My method for taking notes depends on what classes I am taking. I just finished taking physics this summer. My notes were typically the homework problems explained in depth, as well as concept definitions and formulas I needed. In having the homework problems as a reference, I was able to use that material to prepare for future quizzes and to better understand the formulas and principles we were learning in class. Notes should cover key concepts and examples used in assignments so that you know how to apply the material you’ve learned. Each class is different, so try to stay on top of things so that you understand how to study for that class!

Join class group chats or make one

Getting connected with fellow classmates is helpful, especially when you’re working on the same assignments. You also get to know other students in the class. If you’re ever confused on an assignment, you can ask a classmate for help and vice versa. Join a group chat or make one and share it!

Maintain Good Time Management

Like I mentioned before, routine is everything. It can be so intimidating to start working on an assignment. Trying to focus on studying or other school tasks can be challenging when something else is weighing on you. Learning how to develop healthy coping mechanisms or giving yourself breaks from something stressful is helpful. Try to focus on the task at hand, like working on an assignment for, say, an hour. Once you simplify what you have to do by doing one thing at a time and focusing on that, it gets so much easier! Otherwise, you’ll just be procrastinating getting things done and it will end up hurting you in the long run. Take it one step at a time! With that being said, school-life balance is so important. Make sure you’re taking care of yourself as well!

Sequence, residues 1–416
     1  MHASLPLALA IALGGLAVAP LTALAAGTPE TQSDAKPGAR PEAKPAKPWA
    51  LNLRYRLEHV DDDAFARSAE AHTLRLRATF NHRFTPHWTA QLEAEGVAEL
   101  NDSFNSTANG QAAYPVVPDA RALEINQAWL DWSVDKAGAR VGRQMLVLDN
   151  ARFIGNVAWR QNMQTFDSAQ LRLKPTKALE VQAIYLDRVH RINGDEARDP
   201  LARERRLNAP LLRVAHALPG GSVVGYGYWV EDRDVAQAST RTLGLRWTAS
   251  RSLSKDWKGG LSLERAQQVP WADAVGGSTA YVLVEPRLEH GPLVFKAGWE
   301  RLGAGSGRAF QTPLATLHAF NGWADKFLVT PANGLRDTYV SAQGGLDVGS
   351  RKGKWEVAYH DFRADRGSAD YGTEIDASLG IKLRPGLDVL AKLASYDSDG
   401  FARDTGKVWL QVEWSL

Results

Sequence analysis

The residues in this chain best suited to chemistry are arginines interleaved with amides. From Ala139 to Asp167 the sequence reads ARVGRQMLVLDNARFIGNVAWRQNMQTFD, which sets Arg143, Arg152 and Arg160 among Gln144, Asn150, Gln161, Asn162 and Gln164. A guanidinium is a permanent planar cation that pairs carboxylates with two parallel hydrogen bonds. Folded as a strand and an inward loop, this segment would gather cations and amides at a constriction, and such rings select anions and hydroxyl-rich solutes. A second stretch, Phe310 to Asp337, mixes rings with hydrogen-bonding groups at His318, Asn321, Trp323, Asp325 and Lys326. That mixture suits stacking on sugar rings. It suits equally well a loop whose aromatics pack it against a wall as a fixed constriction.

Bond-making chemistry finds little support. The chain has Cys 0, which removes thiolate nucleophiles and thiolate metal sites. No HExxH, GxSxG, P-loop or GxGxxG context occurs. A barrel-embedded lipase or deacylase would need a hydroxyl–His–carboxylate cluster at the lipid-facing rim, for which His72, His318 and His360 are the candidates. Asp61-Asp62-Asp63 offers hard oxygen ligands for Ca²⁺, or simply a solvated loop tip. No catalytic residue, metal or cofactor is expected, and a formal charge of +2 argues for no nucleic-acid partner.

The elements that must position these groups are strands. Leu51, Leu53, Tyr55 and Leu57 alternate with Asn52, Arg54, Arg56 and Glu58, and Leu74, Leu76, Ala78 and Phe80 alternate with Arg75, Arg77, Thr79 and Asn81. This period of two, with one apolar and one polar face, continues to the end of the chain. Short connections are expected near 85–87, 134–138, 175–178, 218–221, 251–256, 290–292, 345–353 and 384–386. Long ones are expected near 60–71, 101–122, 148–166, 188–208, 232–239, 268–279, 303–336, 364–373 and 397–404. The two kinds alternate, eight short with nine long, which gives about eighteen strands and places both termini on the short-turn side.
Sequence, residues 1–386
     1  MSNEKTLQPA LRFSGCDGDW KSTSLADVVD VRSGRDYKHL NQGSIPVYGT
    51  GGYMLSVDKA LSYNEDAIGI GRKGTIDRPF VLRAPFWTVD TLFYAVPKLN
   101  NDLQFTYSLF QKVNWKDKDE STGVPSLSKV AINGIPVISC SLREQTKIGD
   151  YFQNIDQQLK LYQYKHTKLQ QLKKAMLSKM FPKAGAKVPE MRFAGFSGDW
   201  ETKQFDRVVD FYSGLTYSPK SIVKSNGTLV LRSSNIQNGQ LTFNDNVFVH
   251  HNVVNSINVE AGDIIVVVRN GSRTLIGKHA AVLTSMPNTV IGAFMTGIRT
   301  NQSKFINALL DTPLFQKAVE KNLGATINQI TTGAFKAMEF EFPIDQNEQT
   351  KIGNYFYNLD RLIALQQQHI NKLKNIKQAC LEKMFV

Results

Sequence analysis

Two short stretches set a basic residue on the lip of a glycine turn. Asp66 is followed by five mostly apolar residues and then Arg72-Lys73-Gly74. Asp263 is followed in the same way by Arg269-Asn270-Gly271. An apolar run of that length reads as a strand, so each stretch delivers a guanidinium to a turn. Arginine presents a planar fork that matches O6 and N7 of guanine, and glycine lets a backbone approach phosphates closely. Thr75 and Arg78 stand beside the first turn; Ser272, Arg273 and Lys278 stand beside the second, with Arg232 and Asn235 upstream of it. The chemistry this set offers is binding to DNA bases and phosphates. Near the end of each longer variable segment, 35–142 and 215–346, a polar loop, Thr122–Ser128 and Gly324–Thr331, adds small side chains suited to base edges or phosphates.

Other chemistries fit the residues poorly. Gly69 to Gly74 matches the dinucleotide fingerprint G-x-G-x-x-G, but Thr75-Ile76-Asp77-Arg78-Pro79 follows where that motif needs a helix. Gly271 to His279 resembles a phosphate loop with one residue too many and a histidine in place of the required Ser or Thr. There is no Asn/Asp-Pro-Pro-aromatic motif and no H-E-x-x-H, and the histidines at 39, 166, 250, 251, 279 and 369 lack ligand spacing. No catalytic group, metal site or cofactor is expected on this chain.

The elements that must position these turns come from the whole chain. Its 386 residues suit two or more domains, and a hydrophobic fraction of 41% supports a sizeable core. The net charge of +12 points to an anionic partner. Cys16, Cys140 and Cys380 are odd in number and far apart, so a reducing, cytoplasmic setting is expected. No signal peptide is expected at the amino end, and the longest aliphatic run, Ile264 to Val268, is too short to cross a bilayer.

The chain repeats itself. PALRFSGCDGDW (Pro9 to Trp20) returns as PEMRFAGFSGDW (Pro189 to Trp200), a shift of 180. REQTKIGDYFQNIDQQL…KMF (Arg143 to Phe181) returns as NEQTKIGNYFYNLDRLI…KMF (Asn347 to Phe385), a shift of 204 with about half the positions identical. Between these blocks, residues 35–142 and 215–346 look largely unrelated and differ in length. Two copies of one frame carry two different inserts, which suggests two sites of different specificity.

Last but not least…

Do not be so hard on yourself

This is a big thing I am trying to learn. When you dwell too much on the past, you tend to prevent yourself from being successful in the present. Accept what has led you to this moment, whether that be success or failure or somewhere in between. Do the best you can at the moment, try to maintain a healthy and consistent study/work/life routine, and give yourself breathing room. You are fully capable of being a successful student. You don’t actually become one until you genuinely believe in your own capabilities. You got this!

Elizabeth Cordill is a graduate of Michigan State University having studied Neuroscience with a concentration in Behavior and Systems. Upon graduation, she hopes to work during gap year(s) prior to pursuing medical school. A wide variety of specialties interest her: from OB/GYN, neurology, and pediatrics, just to name a few. Elizabeth is passionate about improving patient care, an interest she has furthered with research involvement on campus. On campus she has been most recently involved with epidemiology research in gynecological health. Outside of being a writer and member of the design team for Her Campus MSU, she enjoys spending time with friends, cooking, scrolling on Pinterest, spending time outside, working out, working with kids, and traveling. She has loved writing since taking Writing as Inquiry (WRA101) here at MSU. She has loved her experience in Her Campus!